B=mL of methanolic NaOH for sample
N=Normality ofNaOH
0.OI6=Miliequivalent of oxygen in g.

*Forcorrespondence

Hydroxyl

content-Hydroxyl

content

was

140

INDIAN 1. CHEM. TECHNOL., MAY 1998

determined by Acetyl chloride method and using


the following formulae.l2
weight of sample
Hydroxyl ontent= Normality of NaOH (VI

- V2)

170

V]=thevolume of methanolic NaOH used for the


blank

Vi=the volume of the methanolic used for the


sample.

Hydrolyzable chlorine content-Dehydrohalogenation method is used for determination of


chlorine content of various resins using the
following formulal2 :
HydrolY7.able chlorine content (%)=
355xl0-4

x N of KOH x volume of KOH neutralized by epoxy resins


weight of sample

Infrared Spectra-The
IR spectrum
was
recorded on a Perkin Elmer Spectrophotometer
(model 377).
Spectra-'HNMR
spectra
were
IHNMR
recorded on varian EM 390 spectrophotometer.
Viscosity-Ubbelohde
viscometer and Abbe
Refractometer were used to determine viscosity (in
dioxan
40%
w/v)
and
refractive
index,
respectively.
Results and Discussion
No reaction occurred between epichlorohydrin
and acrylic acid. However, the reaction of
epichlorohydrin with bisphenol A in the presence
of cinnamic acid/acrylic acid yielded epoxy resin
along with a white solid as single component
product. The solid was separated from epoxy resins

by filtration and identified as poly(acryloyl


chloride) on the basis of following data:
It contains chlorine (37.02% in acrylic acid and
20.70% in cinnamic acid) and decolourised
Baeyer's reagent. It does not melt upto 250'C. On
the basis of IR and 'H NMR spectral analysis
following structure may be assigned to the solid:
-(R-CH-CH,\,.

-(RCH-C ~-

II

Cl-C=O

CI-C-OH

(Keto form)
(enol form) enol
Fig I shows the characteristic band position of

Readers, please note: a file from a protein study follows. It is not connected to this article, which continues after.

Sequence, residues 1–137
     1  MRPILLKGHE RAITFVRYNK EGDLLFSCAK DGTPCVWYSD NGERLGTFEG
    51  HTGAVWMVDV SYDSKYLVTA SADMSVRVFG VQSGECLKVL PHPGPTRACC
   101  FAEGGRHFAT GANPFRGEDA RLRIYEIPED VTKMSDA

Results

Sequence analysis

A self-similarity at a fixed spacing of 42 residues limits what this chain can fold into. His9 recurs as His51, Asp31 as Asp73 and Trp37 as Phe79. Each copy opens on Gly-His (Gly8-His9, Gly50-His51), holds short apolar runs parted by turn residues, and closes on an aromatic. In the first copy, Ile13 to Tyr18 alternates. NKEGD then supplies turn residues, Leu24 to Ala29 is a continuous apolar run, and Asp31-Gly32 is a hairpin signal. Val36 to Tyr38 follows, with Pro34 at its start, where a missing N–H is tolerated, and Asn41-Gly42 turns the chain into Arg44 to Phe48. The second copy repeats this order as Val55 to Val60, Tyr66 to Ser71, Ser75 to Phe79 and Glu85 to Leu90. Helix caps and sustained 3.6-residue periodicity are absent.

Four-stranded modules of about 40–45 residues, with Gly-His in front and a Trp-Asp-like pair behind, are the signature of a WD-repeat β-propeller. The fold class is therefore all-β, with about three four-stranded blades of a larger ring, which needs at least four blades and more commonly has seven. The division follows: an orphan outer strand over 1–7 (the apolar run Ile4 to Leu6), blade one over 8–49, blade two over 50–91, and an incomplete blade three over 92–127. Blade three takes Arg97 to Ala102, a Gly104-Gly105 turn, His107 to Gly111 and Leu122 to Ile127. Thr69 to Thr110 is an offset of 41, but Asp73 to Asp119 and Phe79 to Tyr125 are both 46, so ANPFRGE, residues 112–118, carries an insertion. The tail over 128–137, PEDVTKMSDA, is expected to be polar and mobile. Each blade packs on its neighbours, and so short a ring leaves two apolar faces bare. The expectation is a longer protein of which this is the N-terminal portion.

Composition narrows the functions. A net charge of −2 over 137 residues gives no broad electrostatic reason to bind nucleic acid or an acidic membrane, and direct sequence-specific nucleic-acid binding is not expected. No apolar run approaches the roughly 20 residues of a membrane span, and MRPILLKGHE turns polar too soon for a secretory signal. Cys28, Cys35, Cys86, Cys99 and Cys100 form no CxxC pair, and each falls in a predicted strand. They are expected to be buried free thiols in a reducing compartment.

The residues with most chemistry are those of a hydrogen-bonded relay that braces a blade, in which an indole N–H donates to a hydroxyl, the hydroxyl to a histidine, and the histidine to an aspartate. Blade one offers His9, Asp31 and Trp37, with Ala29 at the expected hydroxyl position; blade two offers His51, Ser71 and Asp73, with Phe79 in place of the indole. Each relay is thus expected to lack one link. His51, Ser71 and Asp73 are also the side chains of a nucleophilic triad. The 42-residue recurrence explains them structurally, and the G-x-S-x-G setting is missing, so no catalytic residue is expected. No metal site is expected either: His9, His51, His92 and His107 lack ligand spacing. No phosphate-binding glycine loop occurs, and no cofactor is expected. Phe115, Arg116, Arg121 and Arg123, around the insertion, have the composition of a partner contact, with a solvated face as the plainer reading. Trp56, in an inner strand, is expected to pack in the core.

white solid by IR spectroscopy:
770 cm-l (C-CI), 1580 cm-I (C-C, phenyl
group),
1650 cm-' (C=C), 2900-3000
cm-1
.
,
(methylene
group), 3020 cm- (C-H, phenyl
group), 1780 cm-1 (C=C-CI), 1100-1350 cm-l
(OH, primary alcohol) The following band
positions have been observed in IHNMR spectrum
(Fig 2)
2.0 8 (m, methylene, protons), 4.0 8 (8,OH
proton) 7.0-8.58 (m, aromatic protons).
Table 1 shows that the blank epoxy resins as
well as those containing acrylic acid/cinnamic acid
are amber coloured. The refractive indices of
epoxy resins derived from cinnamic acid, and
acrylic acid are marginally higher as compared
with the blank epoxy resins. Table 1 further reveals
that the epoxide epuivalent of epoxy resins is in the
order ER(i) > ER(ii) > ER(iii) > epoxy resins
containing
propionic
acidl3
> epoxy resins
containing benzoic acidl3 > blank, which may be
due to formation of f3 hydroxyester of diglycidal
ether of bisphenol A [B) (Reaction Scheme A)

80!

I
V
~_~_~I_"_

1400

WAVENUMBER,

Fig. 1-IR

II" Il~
II

III'

1200

.._,--L.....~~

1000

em'

spectrum of poly (acryloyl chloride)

II

800
O,ppm

Fig. 2_IH NMR spectrum of poly (acryloyl chloride)

MOHAN

& S RW ASTAV

141

A: EFFECT OF UNSA 1URA TED ACIDS ON EPOXY RESINS

Reaction SCheme
.ttecbanisl'A
'A'
for etJoxy resin
acid and acrylic acid.
Step

I:

Bisphenol A react
X,~ and Z product.

formation
with

in the presence